On 2 September 1943 the Combined Chiefs of Staff estimated that the artificial ports (Mulberries) would need to handle 12,000 tons per day, exclusive of motor transport and in all weathers. On 4 September the go ahead was given to start work immediately on the harbours. However, infighting between the War Office and the Admiralty over responsibility was only resolved on 15 December 1943 by the intervention of the Vice-Chiefs of Staff. The decision was that the Admiralty managed the blockships, Bombardons and assemble of all constituent parts on the south coast of England. Further the Admiralty would undertake all necessary work to survey, site, tow and mark navigation.

The War Office was given the task of constructing the concrete caisson (Phoenixes), the roadways (Whales) and protection via anti-aircraft installations. Once at the site, the army was responsible for sinking the caissons and assembling all the various other units of the harbours.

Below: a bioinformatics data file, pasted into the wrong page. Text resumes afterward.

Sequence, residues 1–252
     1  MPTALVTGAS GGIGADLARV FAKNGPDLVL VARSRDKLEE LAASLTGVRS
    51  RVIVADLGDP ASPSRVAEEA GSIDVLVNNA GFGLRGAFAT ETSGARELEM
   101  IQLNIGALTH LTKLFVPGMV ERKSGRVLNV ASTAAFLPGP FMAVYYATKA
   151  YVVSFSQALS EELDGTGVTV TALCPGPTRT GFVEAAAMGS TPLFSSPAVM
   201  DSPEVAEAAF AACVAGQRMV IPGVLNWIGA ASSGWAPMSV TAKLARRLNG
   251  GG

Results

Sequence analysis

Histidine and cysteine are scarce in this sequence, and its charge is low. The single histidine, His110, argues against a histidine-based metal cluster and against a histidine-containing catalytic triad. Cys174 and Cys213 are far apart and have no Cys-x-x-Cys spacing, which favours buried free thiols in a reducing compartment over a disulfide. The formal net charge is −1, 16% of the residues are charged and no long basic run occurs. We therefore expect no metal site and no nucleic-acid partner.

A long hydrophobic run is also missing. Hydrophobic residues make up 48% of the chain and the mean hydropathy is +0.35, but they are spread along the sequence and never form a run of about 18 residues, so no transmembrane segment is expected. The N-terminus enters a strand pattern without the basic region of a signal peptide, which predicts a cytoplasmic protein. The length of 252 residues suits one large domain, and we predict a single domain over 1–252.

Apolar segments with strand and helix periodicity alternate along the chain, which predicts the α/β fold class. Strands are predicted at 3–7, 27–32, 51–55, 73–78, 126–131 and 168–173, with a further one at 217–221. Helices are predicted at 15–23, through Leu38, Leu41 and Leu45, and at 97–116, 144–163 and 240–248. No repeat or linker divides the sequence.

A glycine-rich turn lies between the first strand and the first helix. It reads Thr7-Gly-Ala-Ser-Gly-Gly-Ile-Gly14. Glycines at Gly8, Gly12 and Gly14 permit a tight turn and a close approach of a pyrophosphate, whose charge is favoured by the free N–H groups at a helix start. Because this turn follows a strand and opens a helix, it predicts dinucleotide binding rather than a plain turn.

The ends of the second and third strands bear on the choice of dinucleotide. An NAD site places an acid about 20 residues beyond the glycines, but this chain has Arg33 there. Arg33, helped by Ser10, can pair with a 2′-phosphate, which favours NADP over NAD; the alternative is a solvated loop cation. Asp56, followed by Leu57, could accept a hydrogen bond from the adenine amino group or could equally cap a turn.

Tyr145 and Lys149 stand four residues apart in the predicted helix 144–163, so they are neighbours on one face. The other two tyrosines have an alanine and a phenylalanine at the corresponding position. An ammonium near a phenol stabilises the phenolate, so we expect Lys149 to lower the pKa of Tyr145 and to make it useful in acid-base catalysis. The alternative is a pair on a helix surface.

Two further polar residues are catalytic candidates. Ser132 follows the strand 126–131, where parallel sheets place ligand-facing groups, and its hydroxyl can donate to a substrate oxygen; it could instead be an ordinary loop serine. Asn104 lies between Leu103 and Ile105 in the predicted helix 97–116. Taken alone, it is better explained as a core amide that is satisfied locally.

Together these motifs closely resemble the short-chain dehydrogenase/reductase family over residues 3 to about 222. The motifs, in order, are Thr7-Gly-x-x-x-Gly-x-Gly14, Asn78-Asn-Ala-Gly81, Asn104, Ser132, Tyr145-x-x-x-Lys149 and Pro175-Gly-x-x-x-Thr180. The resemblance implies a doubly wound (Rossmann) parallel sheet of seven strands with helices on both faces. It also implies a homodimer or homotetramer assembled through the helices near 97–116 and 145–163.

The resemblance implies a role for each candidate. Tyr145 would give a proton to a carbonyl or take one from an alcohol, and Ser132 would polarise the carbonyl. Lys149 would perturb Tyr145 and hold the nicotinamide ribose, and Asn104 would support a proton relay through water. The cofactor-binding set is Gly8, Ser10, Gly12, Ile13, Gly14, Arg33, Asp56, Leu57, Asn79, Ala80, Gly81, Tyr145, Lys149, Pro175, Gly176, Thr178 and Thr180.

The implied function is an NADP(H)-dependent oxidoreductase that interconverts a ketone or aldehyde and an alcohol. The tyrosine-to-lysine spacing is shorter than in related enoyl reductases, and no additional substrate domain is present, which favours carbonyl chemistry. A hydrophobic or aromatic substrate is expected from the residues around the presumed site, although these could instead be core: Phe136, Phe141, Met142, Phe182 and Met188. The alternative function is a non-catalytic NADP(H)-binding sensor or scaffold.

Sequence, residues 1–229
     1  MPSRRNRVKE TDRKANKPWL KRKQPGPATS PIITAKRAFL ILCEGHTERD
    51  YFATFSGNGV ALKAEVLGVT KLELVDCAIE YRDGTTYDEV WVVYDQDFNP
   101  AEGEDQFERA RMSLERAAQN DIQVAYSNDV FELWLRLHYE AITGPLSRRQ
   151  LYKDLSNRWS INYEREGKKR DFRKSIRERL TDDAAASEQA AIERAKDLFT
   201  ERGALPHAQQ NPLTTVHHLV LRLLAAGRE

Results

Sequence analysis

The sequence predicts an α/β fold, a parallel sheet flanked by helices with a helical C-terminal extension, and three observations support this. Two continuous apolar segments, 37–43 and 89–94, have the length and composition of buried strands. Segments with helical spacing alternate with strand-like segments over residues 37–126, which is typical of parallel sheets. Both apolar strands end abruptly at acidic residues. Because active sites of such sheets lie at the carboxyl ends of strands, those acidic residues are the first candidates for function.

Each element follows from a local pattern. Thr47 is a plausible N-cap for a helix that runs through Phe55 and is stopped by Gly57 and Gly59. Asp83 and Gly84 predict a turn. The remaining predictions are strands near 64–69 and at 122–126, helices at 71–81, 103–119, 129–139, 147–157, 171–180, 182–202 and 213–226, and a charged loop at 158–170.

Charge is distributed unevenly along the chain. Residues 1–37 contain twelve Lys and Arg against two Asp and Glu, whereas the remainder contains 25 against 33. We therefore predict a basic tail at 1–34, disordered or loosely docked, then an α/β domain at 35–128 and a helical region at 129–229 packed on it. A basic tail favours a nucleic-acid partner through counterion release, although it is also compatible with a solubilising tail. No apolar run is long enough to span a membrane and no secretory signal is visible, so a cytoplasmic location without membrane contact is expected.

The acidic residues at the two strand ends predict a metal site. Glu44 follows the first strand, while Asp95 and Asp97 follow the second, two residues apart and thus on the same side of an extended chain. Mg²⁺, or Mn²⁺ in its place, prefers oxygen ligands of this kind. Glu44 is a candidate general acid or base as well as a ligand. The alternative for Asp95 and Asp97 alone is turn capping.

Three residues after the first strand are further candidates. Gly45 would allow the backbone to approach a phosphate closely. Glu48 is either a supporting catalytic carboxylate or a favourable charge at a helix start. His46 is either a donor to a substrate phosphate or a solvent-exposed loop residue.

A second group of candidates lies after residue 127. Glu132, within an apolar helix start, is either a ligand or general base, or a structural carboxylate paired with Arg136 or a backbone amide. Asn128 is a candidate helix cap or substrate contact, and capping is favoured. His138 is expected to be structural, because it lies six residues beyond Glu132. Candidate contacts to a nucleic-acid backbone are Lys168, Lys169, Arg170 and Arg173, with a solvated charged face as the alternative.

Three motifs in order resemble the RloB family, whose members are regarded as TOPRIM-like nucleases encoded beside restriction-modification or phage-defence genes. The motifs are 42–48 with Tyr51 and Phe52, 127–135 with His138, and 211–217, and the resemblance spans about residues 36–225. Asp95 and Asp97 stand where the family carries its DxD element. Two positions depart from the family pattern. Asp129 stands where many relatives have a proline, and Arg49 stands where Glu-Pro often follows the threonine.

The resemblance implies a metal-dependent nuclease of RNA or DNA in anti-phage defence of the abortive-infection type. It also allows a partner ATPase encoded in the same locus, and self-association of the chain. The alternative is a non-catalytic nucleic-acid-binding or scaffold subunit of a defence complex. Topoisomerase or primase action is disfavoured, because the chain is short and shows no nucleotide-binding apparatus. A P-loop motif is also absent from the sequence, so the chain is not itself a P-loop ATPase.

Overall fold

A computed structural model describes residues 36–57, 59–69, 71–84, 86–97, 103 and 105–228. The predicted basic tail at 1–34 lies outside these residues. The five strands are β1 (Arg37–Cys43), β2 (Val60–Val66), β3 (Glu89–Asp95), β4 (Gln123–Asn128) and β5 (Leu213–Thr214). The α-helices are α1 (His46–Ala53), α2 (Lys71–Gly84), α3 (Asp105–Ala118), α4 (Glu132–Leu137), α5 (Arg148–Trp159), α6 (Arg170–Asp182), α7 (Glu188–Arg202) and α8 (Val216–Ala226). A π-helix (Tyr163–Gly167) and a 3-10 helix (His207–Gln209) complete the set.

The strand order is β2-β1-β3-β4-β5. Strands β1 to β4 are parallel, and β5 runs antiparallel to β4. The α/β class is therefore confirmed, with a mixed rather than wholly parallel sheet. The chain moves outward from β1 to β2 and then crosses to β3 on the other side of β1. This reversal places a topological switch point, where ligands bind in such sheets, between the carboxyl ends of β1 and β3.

For the Mulberry A at Omaha Beach, the naval Corps of Civil Engineers would construct the harbour from the prefabricated parts.

The proposed harbours called for many huge caissons of various sorts to build breakwaters and piers and connecting structures to provide the roadways. The caissons were built at a number of locations, mainly existing ship building facilities or large beaches like Conwy Morfa around the British coast. The works were let out to commercial construction firms including Balfour Beatty, Henry Boot, Bovis & Co, Cochrane & Sons, Costain, Cubitts, French, Holloway Brothers, John Laing & Son, Peter Lind & Company, Sir Robert McAlpine, Melville Dundas & Whitson, Mowlem, Nuttall, Parkinson, Pauling & Co. and Taylor Woodrow.[8] On completion they were towed across the English Channel by tugs[9] to the Normandy coast at only 4.3 Knots (8 km/h or 5 mph), built, operated and maintained by the Corps of Royal Engineers, under the guidance of Reginald D. Gwyther, who was appointed CBE for his efforts.